Interest in synaesthesia has risen to the surface of western consciousness during periods of rapid technological development and social and cultural change. At other times it has been forgotten. During the late 19th, early 20th century travelers brought home with them their experiences of The Orient – religions and philosophies, science, drugs, spices, perfumes, fabrics, music, dance, theatre and painting. At the same time artists form Russia to America were dabbling in pseudo-religious and -scientific dreams enthused with the prospects of a new synthetic, fusionary experience of art where the divide between material world, image, word and sound would dissolve into a sensuous, spiritual ecstasy. They exploited technological developments to invent new devices for experimenting with their ideas. Similar practices are evident in the intermedial and psychedelic '60s, the underground acid/techno/house club scene of the late '80s early '90s, and on the cyberstage of the mid '90s - though in the latter cases synaesthesia was rarely mentioned. Around the turn of the 21 Century a number of retrospective exhibitions thematically curated around synaesthesia have occurred both in Europe and the United States. Several of them have also included the work of current day artists who mainly use the 'syn' word as a theoretic reference - as being detached, yet connected to it, rather than as an origin or inspiration.

Today the interest in sensorial art is rife, but it is more down to earth and integrated into contemporary art practices - more accepting of interrelated experiences than concerned with heightened awareness. Could this be because our world is becoming more connected and we, and our digital media and devices more synaesthetic? Of course, this is all speculation on my part, which is just what my work is about. Speculating over ways to apply synaesthetic ideas to my work, and putting these ideas into practice. But at the heart of my project lies a paradox. While a 'sender' may infuse their work with real or simulated synaesthetic experiences, there is no guarantee, nor any substantial way of proving that it will be received as being synaesthetic.

It is this paradox that has led me to the question:

Is it possible to evoke, even for a moment, an experience comparable to 'true' synaesthesia through art - without resorting to psychedelic drugs?

Inspired by a clapped-out pump organ in my studio and a fictive invention called the Mood Organ that features in Philip K. Dick's novel We Can Build You (1972), I invented the Emotion Organ to put this question to the test, not through science, but through the guise of contemporary art practice.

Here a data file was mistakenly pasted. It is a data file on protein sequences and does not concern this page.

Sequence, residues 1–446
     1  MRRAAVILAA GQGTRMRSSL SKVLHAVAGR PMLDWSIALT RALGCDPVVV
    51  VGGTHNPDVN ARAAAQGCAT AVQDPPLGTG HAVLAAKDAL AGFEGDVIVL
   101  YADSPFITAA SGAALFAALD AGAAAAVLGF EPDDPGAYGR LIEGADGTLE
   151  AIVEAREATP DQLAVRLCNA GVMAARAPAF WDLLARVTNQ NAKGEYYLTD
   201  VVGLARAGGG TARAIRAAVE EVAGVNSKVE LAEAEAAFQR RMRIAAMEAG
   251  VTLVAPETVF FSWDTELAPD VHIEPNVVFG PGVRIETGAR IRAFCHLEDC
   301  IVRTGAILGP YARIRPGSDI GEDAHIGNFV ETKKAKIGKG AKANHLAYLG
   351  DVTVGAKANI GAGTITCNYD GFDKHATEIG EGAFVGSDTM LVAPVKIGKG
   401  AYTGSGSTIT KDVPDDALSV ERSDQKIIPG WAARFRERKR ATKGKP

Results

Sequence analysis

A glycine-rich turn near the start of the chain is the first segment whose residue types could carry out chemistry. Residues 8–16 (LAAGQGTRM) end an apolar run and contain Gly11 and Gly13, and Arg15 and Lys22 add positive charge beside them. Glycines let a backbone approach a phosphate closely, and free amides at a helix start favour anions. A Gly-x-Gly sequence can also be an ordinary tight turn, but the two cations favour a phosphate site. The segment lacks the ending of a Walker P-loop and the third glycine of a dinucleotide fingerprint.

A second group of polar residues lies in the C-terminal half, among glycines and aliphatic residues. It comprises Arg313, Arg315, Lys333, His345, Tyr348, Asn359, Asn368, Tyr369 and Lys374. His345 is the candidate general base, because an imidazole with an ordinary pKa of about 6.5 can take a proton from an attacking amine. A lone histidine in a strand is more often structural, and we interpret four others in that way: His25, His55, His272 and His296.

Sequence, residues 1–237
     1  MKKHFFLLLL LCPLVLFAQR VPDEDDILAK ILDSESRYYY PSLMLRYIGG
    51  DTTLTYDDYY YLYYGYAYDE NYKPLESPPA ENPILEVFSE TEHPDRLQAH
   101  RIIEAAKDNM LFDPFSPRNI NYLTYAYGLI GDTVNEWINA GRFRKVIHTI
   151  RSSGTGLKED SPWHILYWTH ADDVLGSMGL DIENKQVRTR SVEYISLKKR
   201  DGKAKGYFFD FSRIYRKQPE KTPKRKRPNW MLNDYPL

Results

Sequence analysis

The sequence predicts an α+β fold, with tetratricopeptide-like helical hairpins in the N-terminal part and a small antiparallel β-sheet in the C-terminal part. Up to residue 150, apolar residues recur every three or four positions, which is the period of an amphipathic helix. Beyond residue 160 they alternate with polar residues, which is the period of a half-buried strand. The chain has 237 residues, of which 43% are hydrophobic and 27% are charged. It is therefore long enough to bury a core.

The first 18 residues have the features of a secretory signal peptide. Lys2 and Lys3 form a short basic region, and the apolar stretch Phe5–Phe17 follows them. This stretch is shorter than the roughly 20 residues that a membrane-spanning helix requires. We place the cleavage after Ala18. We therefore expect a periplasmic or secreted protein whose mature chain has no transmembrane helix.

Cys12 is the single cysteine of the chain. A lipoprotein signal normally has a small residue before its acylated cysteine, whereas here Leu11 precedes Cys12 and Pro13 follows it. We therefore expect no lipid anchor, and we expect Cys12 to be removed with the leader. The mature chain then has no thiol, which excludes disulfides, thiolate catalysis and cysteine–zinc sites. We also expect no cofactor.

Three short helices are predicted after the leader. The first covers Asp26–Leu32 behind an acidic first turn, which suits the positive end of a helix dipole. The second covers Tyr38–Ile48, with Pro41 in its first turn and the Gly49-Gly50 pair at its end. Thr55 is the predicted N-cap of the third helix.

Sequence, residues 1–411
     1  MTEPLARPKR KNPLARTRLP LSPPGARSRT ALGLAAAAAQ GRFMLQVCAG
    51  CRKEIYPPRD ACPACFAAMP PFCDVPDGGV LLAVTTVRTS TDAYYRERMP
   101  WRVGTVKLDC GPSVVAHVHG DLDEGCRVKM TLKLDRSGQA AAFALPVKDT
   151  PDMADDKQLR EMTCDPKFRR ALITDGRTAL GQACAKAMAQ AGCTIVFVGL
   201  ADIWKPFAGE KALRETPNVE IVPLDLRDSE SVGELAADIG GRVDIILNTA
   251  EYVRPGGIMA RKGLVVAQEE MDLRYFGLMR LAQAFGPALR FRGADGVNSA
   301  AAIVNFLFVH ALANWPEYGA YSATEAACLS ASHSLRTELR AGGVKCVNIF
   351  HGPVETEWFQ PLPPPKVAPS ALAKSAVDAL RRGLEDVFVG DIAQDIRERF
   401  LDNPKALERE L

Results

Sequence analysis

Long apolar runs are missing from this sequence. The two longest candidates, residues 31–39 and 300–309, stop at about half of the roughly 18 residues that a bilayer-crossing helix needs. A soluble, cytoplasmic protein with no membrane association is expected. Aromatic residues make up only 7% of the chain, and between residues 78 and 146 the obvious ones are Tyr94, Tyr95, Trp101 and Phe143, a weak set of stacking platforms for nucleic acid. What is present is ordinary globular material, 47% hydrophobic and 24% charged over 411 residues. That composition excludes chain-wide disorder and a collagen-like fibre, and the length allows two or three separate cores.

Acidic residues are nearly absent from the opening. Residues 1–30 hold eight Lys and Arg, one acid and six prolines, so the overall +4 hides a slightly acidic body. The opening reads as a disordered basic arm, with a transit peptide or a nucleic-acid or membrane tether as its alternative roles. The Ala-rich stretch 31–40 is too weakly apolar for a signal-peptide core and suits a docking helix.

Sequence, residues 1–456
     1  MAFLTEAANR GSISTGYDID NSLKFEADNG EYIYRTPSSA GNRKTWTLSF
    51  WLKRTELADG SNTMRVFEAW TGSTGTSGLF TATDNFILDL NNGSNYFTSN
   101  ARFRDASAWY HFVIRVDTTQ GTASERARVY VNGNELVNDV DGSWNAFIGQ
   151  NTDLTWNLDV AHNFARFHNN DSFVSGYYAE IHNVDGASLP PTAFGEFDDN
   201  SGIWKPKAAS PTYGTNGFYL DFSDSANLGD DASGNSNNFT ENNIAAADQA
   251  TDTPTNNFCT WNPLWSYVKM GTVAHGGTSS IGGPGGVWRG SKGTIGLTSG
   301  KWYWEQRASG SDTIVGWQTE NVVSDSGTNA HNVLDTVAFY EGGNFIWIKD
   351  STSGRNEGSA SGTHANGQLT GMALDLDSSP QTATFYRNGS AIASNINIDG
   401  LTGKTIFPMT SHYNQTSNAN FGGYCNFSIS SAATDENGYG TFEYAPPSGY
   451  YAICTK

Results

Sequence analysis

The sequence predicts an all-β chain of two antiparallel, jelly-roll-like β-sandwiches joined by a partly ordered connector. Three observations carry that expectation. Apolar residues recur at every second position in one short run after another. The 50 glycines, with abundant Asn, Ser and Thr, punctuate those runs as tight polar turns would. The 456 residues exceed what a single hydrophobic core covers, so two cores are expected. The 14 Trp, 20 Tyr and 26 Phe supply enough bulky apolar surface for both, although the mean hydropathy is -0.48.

The Emotion Organ is designed to fulfill several functions. It can be:

  • A modifiable conceptual/experimental tool for testing various artistic concepts in relation to synaesthetic phenomena.
  • An art object that, when standing alone, entices people to touch it.
  • An experimental instrument through which players of any age and ability can explore the intersections of the sensory domains. The organ can be staged as a participatory installation where the public can choose to be performers and/or spectators.
  • A performance instrument for a virtuoso player. In this case the organ can be modified in accordance with the aims of a specific composition/improvisation idea. It can be re-programmed, and its outputs can be modified to extend beyond the peri-personal space of the player.

The Emotion Organ was developed during my participation in the Programme for Research Fellowships in the Arts with the project Mind, the Gap. Synaesthesthesia and contemporary live art practice, a practical and theoretical exploration of the term "synaesthesia". See:

URL: Mind, the Gap
Download: PDF Mind, the Gap (16.9 mb, reflection text)


Neuroscientist Richard Cytowic has put forward several diagnostic features of syneathesia. He says that synaesthetic perceptions are:

Involuntary - you can't turn them on and off, they just happen to you.
Projected - perceived externally in the peri-personal space (close to the body).
Durable - if a ceretain sound is red, it will always be red.
Generic - they are never pictorial or elaborate.
Memorable - first comes the cross-wired experience, and then the name of the thing that stimulated it.
Emotional - accompanied by a 'this is it' feeling that the experience is very real.

There seems to be little uniformity in the experience of synesthetes. Each has their own unique way of experiencing the world.

Before their condition has been diagnosed Syns have reported that their unusual sensations have been thought to derive from taking hallucinogenic drugs that can induce a temporary form of synaesthesia.

Temporary synaesthesia can also be experienced with migranes as bright flashes around the eyes, and in the period between wake and sleep. Louis-Bertrand Castel - the man behind the first recorded attempt to build an ocular keyboard instrument (1725) - wrote in his diary:

“Not in dreams, but especially in the state of dizziness preceding sleep ... do I feel the correspondence between colors, sounds and scents. It seems as if they all rise mysteriously from the same ray of light and, subsequently, reunify in an amazing concert. The scent of deep red carnations above all has a magical effect on me."

Today synaesthesia is considered as being abnormal simply because it is statistically rare. Scientists researching synaesthesia today do so, not only for its own sake, but also because of what it might tell us about how our brains work - syns and non-syns alike.